Shorttail Conger, Paraconger similis
The Shorttail Conger, Paraconger similis, whose common Spanish name is congrio colicorta, is a species in the Family Congridae, the Conger Eels, known as congrios in Mexico. Globally, there are only seven species in the genus Paraconger, of which three are found in Mexican waters, one in the Atlantic and two in the Pacific.
The Shorttail Congers have elongated cylindrical “eel-like” bodies. They are tan to reddish brown in color transitioning to silver ventrally. They lack other significant markings. The margins of their anal and dorsal fins are tan. Their head is long with a rounded tapering snout, a large mouth, and large eyes. Their caudal fin is short and stiff. Their dorsal fin originates over their well-developed yellow pectoral fins. Their tail length is approximately 57% of total length. They have a complete lateral line.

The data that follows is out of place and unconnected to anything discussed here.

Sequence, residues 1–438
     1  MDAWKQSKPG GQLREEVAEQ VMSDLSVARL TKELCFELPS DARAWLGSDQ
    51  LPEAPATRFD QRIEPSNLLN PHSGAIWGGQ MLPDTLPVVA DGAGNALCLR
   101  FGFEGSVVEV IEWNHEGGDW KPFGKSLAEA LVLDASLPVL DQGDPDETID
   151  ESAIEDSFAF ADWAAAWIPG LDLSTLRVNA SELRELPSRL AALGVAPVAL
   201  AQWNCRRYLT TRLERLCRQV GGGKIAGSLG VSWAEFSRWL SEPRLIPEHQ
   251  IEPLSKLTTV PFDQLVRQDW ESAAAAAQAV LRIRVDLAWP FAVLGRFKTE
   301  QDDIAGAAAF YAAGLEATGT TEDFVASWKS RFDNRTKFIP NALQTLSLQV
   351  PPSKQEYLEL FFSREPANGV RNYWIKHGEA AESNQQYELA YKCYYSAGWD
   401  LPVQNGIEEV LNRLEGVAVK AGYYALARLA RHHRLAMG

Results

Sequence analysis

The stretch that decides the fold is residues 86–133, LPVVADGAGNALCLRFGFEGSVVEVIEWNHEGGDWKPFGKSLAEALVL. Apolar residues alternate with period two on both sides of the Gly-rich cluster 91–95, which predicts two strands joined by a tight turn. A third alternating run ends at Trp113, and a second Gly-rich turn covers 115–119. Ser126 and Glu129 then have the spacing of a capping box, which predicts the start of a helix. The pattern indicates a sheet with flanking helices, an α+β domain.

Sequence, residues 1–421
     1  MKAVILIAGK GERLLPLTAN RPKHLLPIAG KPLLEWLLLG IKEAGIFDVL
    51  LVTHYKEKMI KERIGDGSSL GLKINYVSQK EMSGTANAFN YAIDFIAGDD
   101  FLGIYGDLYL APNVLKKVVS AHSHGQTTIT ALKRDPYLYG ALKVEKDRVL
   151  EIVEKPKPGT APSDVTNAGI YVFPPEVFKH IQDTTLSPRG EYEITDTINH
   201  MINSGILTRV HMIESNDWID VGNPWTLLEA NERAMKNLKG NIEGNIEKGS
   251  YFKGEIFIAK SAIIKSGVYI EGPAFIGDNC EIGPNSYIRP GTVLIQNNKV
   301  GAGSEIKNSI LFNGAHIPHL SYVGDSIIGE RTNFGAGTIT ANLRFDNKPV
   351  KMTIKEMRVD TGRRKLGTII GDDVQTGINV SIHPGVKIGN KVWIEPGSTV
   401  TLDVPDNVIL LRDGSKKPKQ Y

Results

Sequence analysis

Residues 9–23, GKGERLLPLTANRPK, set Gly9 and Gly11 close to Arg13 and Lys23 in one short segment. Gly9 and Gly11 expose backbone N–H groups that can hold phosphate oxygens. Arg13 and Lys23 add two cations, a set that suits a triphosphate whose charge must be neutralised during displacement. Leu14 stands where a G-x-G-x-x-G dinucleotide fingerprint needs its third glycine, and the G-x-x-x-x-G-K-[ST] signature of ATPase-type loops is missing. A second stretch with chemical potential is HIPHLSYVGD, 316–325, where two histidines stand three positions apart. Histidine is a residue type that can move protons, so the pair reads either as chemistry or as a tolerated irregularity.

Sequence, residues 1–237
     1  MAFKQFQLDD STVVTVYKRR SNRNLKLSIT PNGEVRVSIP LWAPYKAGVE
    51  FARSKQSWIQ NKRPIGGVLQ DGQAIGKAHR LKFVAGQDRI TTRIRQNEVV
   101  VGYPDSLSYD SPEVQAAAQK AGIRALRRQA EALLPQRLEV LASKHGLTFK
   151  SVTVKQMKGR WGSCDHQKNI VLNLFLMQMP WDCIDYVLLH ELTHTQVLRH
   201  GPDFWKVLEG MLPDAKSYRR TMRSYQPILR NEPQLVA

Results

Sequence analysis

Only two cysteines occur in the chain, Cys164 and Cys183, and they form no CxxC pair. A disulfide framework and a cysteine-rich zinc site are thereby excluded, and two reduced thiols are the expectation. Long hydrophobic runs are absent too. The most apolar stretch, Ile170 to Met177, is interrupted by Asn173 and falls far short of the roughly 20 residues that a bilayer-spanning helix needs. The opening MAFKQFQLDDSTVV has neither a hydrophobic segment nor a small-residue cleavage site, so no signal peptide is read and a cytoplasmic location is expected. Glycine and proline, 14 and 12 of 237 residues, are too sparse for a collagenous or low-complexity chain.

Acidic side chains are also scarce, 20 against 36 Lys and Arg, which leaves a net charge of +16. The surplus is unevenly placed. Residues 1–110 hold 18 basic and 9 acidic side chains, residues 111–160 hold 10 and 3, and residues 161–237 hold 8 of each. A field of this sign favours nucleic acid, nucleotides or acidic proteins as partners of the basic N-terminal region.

The Shorttail Congers reside buried within coastal sandy bottoms at depths between 160 to 490 feet. They reach a maximum length of 74 cm (29 inches), which was established by a fish in my possession and described below. They are found around the tip of Baja (as established by fish in my possession) and along the coast of the mainland from Mazatlán south to Guatemala. They are a rare and poorly studied species and as such very limited information is available about their behavioral patterns.
The Shorttail Conger can be confused with the Sharpnose Conger, Ariosoma gilberti (tail 50% of total length) and the Ringeye Conger, Paraconger californiensis (dark ring in iris; black spot at edge of eye).
The Shorttail Congers are relatively small, exceedingly rare, and of limited interest to most.